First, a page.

The one Mac that should have been in the top 5 but wasn't was the Mac that saved Apple: the Rev A iMac. The Bondi Blue gem that looked like nothing that had existed up until the time, was often imitated, surpassed only by each further iteration of iMac. I am the proud owner of a Lime Rev D 333MHz and an Indigo 500MHz 2001 edition. I mean, I liked iLuxo when it came out. It was striking and beautiful and a wonderful re-imagination of the concept. Even iMac was an evolution and not a revolution: it owed its "DNA" to first the original Mac, then the other all-in-one Macs that followed, from the sublime to the ridiculous. They tip their hat to the "gumdrop" iMac in the honorable mention list, but it deserves better.
They also missed the iBook/MacBook completely. OMGWTFBBQ? O RLY? YA, RLY. The PowerBook made an appearance with the PB100, but that was it. They honored the eMate but not the "Clamshell" iBook, a real masterpiece of form and function which was "nigh invulnerable" ala The Tick. (A necessity for a computer designed for K-12 students) The "Clamshell" had two drawbacks: its weight and the intricate way the innards were engineered to protect them from harm. You would think the second drawback wouldn't be a drawback: again, designed to take punishment. However, it makes the machine a nightmare to work on, a fact revealed when I went looking for someone to upgrade the one I got from my Aunt Karen after she "upgraded" to a Sony VAIO laptop. I found intrepid souls willing to take the machine on, but they are in South Carolina. The work was done with the help of FedEx and DHL.
Not to make this article too Mac-centric, I will turn my attention to an entry I largely agree with, but only have little quibbles about. The Thinkpad, at least while it was still an IBM product (yeah, I know that Lenovo was one of the companies they outsourced manufacture to a few years before Lenovo bought the Thinkpad and other Think* lines from IBM, but hear me out...) was the Ne Plus Ultra of x86 notebooks. Built like tanks but often light enough to forget you have one in your backpack, they just plain rocked. The story of the Thinkpad is pretty neat, here's the link.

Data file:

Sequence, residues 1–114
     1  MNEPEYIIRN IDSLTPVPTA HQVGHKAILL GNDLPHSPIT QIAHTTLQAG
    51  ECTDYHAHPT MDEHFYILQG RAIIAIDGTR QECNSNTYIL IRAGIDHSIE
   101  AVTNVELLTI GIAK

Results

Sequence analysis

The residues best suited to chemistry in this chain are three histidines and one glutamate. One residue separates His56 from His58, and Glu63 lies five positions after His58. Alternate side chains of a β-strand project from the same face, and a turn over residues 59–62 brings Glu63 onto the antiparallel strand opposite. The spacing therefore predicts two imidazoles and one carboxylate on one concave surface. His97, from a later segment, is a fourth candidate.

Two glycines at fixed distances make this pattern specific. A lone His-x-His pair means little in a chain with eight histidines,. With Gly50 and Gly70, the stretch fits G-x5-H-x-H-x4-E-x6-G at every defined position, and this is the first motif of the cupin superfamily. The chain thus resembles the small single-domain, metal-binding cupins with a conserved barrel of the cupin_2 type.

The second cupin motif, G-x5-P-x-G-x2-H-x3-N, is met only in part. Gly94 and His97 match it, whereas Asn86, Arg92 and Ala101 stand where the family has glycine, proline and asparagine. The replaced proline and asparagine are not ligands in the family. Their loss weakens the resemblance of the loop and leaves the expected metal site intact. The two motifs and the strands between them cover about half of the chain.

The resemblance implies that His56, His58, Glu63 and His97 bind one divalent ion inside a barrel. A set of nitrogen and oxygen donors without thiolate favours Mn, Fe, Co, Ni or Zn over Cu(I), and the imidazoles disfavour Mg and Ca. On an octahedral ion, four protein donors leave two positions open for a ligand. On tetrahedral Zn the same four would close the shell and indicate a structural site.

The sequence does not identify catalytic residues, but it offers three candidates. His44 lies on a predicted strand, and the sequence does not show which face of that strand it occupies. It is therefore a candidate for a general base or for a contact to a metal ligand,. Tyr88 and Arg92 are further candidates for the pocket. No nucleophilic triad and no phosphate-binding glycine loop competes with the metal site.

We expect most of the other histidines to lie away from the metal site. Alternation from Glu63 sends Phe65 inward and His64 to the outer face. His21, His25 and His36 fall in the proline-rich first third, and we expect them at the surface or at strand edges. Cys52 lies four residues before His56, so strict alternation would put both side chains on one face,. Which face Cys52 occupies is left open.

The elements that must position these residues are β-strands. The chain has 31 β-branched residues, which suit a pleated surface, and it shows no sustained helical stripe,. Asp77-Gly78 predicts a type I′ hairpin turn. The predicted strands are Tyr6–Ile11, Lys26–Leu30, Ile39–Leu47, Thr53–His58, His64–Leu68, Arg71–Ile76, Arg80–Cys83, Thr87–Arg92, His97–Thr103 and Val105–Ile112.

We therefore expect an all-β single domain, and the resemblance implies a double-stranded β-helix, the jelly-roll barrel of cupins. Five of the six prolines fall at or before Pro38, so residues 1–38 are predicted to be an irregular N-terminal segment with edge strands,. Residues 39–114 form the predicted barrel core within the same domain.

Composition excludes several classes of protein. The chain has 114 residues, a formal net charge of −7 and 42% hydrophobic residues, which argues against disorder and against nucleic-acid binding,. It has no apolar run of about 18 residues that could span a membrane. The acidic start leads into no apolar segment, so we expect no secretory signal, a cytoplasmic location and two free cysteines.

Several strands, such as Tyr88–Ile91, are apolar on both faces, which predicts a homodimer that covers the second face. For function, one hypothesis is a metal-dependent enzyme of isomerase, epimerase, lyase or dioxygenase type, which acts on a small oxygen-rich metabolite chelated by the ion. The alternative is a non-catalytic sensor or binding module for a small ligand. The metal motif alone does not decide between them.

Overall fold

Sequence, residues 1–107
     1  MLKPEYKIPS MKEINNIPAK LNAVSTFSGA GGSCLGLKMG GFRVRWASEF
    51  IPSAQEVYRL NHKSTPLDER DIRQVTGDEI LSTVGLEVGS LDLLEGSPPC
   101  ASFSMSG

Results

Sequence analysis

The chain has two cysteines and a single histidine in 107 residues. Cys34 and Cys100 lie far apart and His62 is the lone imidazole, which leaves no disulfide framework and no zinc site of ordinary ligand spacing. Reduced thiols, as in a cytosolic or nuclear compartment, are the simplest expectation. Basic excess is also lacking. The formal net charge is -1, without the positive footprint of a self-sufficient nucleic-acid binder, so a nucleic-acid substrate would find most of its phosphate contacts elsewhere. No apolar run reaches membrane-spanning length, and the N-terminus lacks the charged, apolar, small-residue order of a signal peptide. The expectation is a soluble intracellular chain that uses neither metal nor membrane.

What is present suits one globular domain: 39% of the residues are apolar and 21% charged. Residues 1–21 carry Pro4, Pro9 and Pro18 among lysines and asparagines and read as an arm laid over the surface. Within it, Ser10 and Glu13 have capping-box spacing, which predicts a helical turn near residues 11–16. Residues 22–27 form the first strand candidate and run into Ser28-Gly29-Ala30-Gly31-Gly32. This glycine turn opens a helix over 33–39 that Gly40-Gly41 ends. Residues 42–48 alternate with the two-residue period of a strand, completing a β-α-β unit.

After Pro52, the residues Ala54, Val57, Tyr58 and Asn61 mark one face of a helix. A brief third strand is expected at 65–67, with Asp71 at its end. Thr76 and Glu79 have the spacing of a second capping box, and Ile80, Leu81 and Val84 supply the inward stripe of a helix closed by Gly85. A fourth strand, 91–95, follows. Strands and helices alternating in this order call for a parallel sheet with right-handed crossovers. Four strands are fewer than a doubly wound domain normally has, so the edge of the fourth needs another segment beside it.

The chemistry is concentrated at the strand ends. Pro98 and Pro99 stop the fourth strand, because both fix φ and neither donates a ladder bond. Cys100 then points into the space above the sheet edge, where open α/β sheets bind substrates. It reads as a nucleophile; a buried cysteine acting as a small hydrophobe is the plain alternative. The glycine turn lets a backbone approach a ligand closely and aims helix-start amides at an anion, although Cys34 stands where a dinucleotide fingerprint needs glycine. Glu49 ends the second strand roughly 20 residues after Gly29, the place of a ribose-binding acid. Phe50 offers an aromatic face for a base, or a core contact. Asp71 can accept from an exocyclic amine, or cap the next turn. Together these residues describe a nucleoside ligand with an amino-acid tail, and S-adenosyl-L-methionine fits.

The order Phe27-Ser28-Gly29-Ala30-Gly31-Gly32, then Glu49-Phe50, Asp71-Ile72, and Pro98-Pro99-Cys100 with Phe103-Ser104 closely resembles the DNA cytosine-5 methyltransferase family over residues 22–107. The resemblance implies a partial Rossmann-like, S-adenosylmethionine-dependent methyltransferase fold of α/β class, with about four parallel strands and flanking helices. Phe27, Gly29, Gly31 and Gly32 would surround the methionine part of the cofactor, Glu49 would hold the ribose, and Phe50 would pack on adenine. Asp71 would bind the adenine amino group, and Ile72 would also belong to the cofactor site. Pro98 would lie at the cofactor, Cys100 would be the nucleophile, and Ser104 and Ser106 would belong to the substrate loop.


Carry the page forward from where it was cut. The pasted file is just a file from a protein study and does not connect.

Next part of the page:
Anyway, the initial release Thinkpad, the 700, made it on the list. While it's a good choice, I can think of a better choice and a best choice. Here's what I wrote about the choice on Slashdot.
The 600 series Thinkpad, released at the height of the Dot-Com Boom, has got to be the epitome of Thinkpad-dom. It was light, (5 pounds!) it was versatile, it could run as a "3 spindle machine" (HD, Optical and Floppy) if you put the Floppy Drive in an external case that connected to a proprietary connector by a cable. During the Dot-Com Boom, the 600 series Thinkpad was a status symbol. It was the laptop the Big Dogs carried, unless they were Mac fans in which case they'd have a "Wallstreet" PowerBook.
The 600 series was the first to have official instructions on the IBM website on how to install Linux. (Red Hat, for the curious.) There was always a problem with the quirky sound chip, and it took IBM years to put out a driver (F/OSS, to their credit) for the MWave modem chip. Red Hat actually "certified" the 600 series Thinkpad, in spite of those problems.
The 600 "DNA" was transfered to the T series of Thinkpads, a series still in continued manufacture by Lenovo. Whether the T60 is a worthy member of the line is something the jury's still out on, but the T4x series remain classics.
Yes, the 700C was first. The 701C with its "butterfly keyboard" had more panache, and might have been a better choice for the Thinkpad niche. But the 600 series would have been the best choice of all, because it's the beginning of a continuum of perhaps the "best of the best" of the whole line.
It's getting late (or early, whatever...) so I'd better wrap this up with my additional OMGWTFBBQ what were they thinking? list.
1.) MIA: the White Box/Frankenbox/Homebuilt PC Compatible. It wasn't IBM or Apple or Compaq or Commodore or even Dell who opened PCs to the Great Unwashed. No, it was the shop around the corner run usually by a Mom and Pop who could put together a computer for you from mostly Taiwanese and Chinese parts. And if you were sufficiently geeky or had geeky friends, you bought your parts from said Mom and Pop and did it yourself.